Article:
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PLENARY SESSION: GENDER AND NUTRITION - CASE STUDY PRESENTATION: Nozomi Kawarazuka

PLENARY SESSION: GENDER AND NUTRITION - CASE STUDY PRESENTATION: Nozomi Kawarazuka, University of East Anglia, UK

Understanding gender relations in the local processes of agriculture/fishery production and redistribution of wealth: a case study in South Kilifi, coastal Kenya

Research question: How is child nutrition mediated by gender relations in local production and redistribution processes?

In current development policies on agriculture, women are considered as the key to improving household food security and child nutrition while men's indirect roles are not fully taken into account. Pathways are predicted of the way that women's increased access to cash incomes, agricultural resources, and technologies contribute to increasing their bargaining power and autonomy within the household, and thereby to improving the household members' nutrition and health.

Current development policy on agriculture is partly the result of contemporary gender research which looks at women's and men's `characteristics' in isolation from their `relationships'. By drawing on a social theory of gender relations (Connell, 2009), this case study explores gendered processes in which local agriculture/fishery resources are utilized and the benefits are redistributed to individuals. Eight months of ethnographic fieldwork were conducted in south Kilifi, Coastal Kenya, where Mijikenda men and women engage in small-scale marine fisheries and palm tree cultivation as a cash crop.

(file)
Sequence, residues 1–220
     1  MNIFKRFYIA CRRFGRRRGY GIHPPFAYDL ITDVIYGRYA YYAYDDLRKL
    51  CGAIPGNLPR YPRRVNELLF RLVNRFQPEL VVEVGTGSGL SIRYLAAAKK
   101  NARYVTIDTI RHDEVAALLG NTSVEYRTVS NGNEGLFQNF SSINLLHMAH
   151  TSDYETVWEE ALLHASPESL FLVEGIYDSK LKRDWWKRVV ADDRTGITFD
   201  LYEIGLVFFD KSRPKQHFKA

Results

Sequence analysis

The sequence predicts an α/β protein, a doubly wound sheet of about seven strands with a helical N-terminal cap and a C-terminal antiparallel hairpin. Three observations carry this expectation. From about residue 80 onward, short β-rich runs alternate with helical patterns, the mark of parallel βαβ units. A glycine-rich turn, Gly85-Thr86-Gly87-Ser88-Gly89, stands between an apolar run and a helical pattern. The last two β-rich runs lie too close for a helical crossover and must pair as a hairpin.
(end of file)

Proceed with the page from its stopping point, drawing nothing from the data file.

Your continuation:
Three key findings will be presented. First, gendered negotiations and relations are central in local processes of production and trading. Fishermen, for example, sell their catches to particular female traders who support them by providing credit in times of need. Female traders also benefit from a particular fisherman's catch, his assets, his kinship relations and his access to other resources. Such informal and flexible trading methods based on gender relations play an important role in livelihood security. Second, men's primary control over local resources is a base for demonstrating masculinity which helps maintain fatherhood, leading to men's responsibility for and emotional attachment to their children's well-being, health and nutrition. Third, the quality and quantity of everyday meals are not simply determined by the woman's income on that day. Each woman uses different sources of daily meals by using their relationships with men, such as their husband, sons, a male partner, and their children's father and his male kin members. Furthermore, the extent to which a woman or her family members can spend their time on cooking and nurturing depends largely on household composition and social support networks which also determine the quality of their diet.

This study provides insights on the dynamic processes in which agricultural products contribute to improving household food security and child nutrition. The local gender processes of production and redistribution, and men's indirect roles should be considered in development policies on agriculture and nutrition.